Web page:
Free resources to foster congregational discussions about anti-Muslim sentiment

Hawo's Dinner Party

“Hawo’s Dinner Party” follows the story of a refugee and former nurse who has fled her native war-torn Somalia and now works at a chicken processing plant in rural Tennessee.  Dressed in colorful hijab even on the assembly line, Hawo is determined to learn English and to connect with her neighbors.  But as news of “home-grown terrorism” appears in the national media and as Hawo tries to reach out, we get an intimate glimpse into the honest, often uncomfortable and ultimately hopeful encounters that emerge.

Produced by Active Voice in association with the BeCause Foundation, “Hawo’s Dinner Party” is a video documentary designed to support dialogue and bridge building.  The video helps congregations have fruitful discussions about anti-Muslim sentiment.

Use this video in your congregation in an existing adult education class or youth group.  It can also be used in an interfaith setting.

The video is available at no cost for a limited time, as the video has been very well-received and copies are running out. To receive a free copy, contact This e-mail address is being protected from spambots. You need JavaScript enabled to view it , Campaign Director for Shoulder-to-Shoulder: Standing with American Muslims; Upholding American Values. Shoulder-to-Shoulder can provide you with resources to help plan your screening of the video and offer general support as you use this resource.

Interfaith Alliance: American Muslim and Religious Freedom FAQ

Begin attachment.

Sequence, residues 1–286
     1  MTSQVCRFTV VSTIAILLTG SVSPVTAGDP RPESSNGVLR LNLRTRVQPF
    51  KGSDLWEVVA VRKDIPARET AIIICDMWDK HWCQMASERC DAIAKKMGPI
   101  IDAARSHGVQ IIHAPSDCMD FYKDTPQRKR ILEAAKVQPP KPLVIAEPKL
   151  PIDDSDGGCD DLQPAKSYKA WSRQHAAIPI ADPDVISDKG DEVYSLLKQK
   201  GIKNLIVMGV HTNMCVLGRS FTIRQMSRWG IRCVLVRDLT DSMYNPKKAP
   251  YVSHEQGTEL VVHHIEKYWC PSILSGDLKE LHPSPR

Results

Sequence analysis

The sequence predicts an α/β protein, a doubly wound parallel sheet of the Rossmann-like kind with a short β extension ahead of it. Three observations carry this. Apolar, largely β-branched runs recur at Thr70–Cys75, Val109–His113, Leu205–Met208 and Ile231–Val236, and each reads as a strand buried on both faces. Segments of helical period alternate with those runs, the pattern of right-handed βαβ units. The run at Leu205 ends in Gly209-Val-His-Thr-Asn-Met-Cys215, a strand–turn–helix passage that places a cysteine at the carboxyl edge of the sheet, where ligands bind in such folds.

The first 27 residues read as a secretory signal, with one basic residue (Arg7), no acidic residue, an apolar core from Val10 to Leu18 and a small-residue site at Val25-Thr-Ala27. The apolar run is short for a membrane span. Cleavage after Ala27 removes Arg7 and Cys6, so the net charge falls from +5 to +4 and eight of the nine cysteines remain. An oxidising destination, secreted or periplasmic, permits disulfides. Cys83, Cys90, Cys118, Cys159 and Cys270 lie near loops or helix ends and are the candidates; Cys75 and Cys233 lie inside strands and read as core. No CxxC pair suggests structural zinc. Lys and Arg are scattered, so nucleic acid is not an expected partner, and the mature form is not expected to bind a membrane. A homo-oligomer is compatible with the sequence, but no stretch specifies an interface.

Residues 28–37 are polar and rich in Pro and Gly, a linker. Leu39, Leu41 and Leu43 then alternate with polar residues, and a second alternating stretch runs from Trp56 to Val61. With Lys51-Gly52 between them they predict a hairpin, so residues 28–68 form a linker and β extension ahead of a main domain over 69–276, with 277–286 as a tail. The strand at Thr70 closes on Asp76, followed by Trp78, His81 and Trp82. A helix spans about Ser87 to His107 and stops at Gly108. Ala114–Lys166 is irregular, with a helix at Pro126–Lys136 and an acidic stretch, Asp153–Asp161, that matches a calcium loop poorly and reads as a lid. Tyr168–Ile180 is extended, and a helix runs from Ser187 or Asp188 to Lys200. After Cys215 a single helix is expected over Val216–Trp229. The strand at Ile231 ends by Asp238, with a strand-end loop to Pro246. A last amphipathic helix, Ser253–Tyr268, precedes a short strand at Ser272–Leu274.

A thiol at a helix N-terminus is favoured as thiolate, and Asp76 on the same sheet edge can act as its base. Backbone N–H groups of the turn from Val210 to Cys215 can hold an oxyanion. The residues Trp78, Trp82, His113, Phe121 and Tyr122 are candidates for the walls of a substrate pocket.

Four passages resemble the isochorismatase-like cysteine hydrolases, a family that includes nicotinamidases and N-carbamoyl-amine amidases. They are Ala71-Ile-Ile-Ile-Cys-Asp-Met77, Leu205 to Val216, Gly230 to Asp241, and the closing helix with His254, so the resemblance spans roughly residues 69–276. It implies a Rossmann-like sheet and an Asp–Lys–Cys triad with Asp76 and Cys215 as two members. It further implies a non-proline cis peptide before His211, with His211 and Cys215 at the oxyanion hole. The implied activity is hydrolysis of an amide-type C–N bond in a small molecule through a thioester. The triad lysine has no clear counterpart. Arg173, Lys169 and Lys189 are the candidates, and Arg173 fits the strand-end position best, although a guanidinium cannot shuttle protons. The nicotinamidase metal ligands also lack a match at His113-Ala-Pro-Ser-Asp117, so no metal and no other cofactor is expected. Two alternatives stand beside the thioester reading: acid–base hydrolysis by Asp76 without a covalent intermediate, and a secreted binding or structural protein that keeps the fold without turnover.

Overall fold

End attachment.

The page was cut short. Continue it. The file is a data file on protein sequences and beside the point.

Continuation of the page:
What is the Truth About American Muslims?

NRCAT has endorsed the FAQ created by Interfaith Alliance and the Religious Freedom Education Project, What is the Truth About American Muslims: Questions and Answers. This resource provides the public with information about Islam and American Muslims that is often misunderstood. The FAQ includes various topics such as the relationship between religious and civil legal codes, misinterpreted terms and the role of mosques. By sharing this resource we hope to promote understanding among all American. The FAQ can be downloaded here.

As part of NRCAT’s work to address anti-Muslim sentiment, NRCAT is committed to eliminate the distrust and prejudice that so hauntingly paints the backdrop of the film "Hawo’s Dinner Party." Society’s view of Muslims as “other” was one critical factor that led to the U.S. government’s use of torture in the last decade, and the majority of the U.S. government’s post September 11th detainees have been Muslim. By reducing anti-Muslim sentiment, NRCAT hopes to ensure that the dignity of each person is upheld and that torture is prohibited without exception.

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